One of the first Canadian infectious disease specialists to spot the COVID-19 crisis coming early this year says B.C.’s public health performance is the talk of Ontario.
Dr. Michael Gardam, chief of staff at Humber River Hospital in Toronto, is a veteran of respiratory outbreaks, notably the SARS outbreak in Ontario in 2003.
He says the steady drop in the number of deaths and hospital admissions in this province is good news — putting B.C. in a good place to loosen restrictions.
Gardam is confident that British Columbia has crested the peak of the initial wave of COVID-19 infections. Most new cases are now linked to known outbreaks and hospital admissions have decreased since early April.
3 weeks ahead of Ontario
“Not only have you plateaued but you are coming down the other side. You are probably three weeks ahead of Ontario and Quebec,” Gardam said.
“That’s all I ever hear about in Toronto, is B.C. When it comes to public health issues it’s sadly always in a good way for B.C. [and] always in a bad way for Ontario,” he said.
B.C. health officer Dr. Bonnie Henry signalled on Monday that the slowing transmission rate and increased testing were putting the province in a good position to start lifting restrictions.
“We are getting close to that time where we can start to open up,” Henry said during her April 27 briefing.
But Gardam warns, as restrictions ease, it’s important people aren’t too aggressive with reopening businesses, parks and resuming large gatherings.
“We have not stopped this from spreading. Those potential cases are still there,” he said.
Gardam says each province has a different situation, so unique approaches make sense.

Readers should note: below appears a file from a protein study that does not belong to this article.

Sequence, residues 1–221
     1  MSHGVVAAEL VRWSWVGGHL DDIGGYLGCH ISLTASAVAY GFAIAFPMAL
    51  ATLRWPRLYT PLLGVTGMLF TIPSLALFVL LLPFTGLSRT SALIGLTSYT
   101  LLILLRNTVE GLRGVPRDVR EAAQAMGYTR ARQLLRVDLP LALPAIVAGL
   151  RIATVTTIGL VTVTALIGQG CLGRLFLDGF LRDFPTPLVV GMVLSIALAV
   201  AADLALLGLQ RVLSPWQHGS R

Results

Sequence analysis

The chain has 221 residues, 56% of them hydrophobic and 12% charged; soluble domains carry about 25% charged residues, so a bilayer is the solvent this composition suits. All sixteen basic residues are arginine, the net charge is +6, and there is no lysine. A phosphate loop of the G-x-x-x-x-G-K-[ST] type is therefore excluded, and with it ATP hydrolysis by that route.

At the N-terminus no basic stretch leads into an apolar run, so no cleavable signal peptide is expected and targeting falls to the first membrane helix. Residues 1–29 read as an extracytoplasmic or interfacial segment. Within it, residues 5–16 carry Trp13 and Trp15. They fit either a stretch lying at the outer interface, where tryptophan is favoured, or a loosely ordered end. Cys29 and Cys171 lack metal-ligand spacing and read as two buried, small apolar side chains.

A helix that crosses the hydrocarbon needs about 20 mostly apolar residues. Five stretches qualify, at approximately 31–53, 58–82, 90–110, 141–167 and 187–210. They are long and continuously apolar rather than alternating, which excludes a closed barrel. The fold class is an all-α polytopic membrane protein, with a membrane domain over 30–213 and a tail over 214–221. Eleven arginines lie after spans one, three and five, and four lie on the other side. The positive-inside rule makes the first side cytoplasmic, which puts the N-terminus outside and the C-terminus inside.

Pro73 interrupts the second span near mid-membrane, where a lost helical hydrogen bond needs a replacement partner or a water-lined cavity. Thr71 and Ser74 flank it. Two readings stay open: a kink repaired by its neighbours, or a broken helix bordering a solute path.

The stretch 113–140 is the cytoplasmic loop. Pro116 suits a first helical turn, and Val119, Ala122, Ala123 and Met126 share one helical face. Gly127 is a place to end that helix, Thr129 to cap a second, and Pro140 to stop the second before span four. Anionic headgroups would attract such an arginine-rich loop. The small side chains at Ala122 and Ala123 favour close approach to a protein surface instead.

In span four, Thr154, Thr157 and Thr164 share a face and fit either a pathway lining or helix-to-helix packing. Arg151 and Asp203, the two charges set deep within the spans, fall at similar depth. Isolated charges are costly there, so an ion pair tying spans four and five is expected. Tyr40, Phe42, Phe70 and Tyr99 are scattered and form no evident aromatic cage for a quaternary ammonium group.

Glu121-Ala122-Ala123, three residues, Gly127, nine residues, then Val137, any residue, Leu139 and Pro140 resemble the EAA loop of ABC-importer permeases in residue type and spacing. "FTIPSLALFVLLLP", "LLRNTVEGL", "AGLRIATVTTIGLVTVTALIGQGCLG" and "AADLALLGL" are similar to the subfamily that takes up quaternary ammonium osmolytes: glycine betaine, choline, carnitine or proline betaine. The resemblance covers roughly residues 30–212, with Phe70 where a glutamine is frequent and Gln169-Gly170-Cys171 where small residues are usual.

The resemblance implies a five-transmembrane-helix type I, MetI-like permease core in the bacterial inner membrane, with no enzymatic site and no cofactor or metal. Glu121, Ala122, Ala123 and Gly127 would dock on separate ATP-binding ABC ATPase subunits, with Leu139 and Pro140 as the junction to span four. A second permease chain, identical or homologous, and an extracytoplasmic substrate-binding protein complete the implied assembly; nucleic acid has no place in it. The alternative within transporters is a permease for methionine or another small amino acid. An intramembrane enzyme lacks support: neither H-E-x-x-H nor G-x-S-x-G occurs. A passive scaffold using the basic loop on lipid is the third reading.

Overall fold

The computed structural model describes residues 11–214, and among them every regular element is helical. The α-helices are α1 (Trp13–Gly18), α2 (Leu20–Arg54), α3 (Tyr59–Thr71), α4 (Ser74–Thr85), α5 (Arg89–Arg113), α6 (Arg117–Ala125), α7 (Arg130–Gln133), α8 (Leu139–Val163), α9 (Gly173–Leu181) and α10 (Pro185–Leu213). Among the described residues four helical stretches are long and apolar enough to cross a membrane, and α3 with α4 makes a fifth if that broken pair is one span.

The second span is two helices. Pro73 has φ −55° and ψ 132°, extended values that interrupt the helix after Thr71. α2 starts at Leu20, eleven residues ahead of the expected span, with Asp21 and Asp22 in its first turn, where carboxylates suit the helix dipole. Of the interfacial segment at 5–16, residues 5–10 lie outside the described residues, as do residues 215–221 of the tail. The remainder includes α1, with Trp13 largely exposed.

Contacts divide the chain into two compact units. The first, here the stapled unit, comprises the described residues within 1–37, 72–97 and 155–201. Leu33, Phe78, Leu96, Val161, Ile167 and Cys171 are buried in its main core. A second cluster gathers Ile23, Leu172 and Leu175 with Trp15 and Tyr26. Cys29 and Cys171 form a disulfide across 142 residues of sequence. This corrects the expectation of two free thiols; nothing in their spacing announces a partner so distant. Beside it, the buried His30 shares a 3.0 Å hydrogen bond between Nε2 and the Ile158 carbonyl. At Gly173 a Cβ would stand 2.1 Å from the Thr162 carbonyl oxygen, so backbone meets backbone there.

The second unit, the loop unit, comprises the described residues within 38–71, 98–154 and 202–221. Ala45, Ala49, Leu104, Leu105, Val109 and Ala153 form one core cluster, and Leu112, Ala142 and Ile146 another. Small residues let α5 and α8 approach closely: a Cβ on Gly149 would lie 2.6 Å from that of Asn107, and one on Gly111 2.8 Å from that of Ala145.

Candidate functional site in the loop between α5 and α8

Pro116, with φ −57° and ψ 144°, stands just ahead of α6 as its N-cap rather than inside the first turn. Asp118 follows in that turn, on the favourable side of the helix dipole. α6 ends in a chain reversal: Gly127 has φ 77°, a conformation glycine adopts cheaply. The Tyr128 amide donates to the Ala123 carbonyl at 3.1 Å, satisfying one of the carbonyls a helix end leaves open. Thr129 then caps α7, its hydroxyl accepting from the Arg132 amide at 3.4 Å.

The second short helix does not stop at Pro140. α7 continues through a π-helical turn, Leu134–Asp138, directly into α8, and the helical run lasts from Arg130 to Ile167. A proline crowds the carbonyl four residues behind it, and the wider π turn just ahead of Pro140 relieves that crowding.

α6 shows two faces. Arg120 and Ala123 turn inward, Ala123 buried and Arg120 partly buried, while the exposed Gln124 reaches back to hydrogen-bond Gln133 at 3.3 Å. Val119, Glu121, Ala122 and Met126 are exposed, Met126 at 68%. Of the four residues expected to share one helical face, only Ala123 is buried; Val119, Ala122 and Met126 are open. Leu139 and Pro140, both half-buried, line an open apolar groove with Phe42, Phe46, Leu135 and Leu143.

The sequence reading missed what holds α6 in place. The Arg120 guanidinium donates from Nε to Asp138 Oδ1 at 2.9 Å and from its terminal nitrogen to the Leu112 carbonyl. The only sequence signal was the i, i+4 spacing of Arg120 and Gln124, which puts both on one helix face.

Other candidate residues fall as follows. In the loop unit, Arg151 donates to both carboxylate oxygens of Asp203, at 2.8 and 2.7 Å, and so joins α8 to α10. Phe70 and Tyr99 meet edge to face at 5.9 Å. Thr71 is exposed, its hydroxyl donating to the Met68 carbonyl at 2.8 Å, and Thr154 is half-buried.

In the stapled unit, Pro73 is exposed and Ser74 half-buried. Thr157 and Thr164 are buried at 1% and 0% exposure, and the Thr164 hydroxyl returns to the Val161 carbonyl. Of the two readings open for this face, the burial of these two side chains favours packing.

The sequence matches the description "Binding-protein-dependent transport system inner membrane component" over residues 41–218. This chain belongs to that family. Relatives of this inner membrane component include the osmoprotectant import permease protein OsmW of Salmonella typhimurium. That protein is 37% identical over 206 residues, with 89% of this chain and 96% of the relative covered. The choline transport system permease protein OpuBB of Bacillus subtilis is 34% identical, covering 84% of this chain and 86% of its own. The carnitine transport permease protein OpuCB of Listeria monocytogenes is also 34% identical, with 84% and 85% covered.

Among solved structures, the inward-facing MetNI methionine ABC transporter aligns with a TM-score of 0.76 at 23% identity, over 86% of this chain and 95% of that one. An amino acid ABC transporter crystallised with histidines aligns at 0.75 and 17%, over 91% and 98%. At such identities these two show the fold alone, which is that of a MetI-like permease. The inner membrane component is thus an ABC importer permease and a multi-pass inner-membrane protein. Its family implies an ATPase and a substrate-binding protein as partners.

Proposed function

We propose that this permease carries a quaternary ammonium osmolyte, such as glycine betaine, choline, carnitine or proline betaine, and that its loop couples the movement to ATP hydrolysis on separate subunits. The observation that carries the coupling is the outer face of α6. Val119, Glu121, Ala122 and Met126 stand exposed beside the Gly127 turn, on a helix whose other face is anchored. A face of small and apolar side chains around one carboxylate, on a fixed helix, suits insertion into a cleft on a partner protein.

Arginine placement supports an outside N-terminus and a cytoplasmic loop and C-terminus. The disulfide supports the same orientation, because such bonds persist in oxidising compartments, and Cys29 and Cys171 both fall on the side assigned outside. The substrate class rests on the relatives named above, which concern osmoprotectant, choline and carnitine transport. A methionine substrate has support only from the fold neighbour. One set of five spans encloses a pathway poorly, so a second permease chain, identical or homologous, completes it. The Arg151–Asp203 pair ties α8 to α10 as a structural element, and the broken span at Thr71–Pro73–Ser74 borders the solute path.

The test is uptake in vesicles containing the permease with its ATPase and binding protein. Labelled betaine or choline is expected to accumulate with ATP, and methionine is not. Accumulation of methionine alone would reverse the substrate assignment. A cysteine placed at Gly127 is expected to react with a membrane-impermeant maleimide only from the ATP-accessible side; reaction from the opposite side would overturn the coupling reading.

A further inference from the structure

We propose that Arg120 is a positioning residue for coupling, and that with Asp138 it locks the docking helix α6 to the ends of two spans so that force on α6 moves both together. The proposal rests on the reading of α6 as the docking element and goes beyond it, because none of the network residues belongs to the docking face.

But he said Canadians can expect health strategies to shift as businesses reopen, activities resume, and people are no longer isolated.
He said protecting vulnerable groups by testing and contact tracing has been effective in places like New Zealand and Australia.
Gardam said Ontario has now tested more people per capita than B.C., and broader testing becomes more important as restrictions ease.
“We haven’t done this in the history of the world, so nobody knows what the right answer is,” said Gardam.
No regular flu
But he’s angered by those who see COVID-19 as nothing more than an over-hyped flu.
“This is not a regular flu,” said Gardam.
Gardam says people who believe that are “dead wrong” and “infuriating.”
Gardam said COVID-19’s mortality rate is “orders of magnitude” more than influenza, even factoring in all the asymptomatic cases of both the viral culprits.
He was one of the first to spot the danger after seeing an alert about an outbreak in China.
There’s no official global system to scan social media to monitor potential disease outbreaks. But there are volunteer-run systems that post alerts. ProMED, run by the International Society of Infectious Diseases, is one watched by experts.
Gardam saw an alert in late December that described a “pneumonia of unknown etiology” in Wuhan, China.
‘That’s one hell of an infectious bat’
At first Gardam wasn’t alarmed, but that changed as reports kept coming in. Despite assurances from the WHO that there was little initial evidence of human-to-human transmission, Gardam said his instincts kicked in.
“As cases kept coming, I thought this must have been one hell of an infectious bat,” he said.
“It’s like ‘OK, is this going to have legs? Or is it going to stop?'”
He says it’s never easy and often dangerous to be the first person who sees something like COVID-19 starting.
“We are never ready for it,” he said.
He gives the example of the doctor in Wuhan — 34-year-old Dr. Li Wenliang — who died after trying to alert people to the danger.
“He was trying to blow the whistle on something that people hadn’t recognized yet.”
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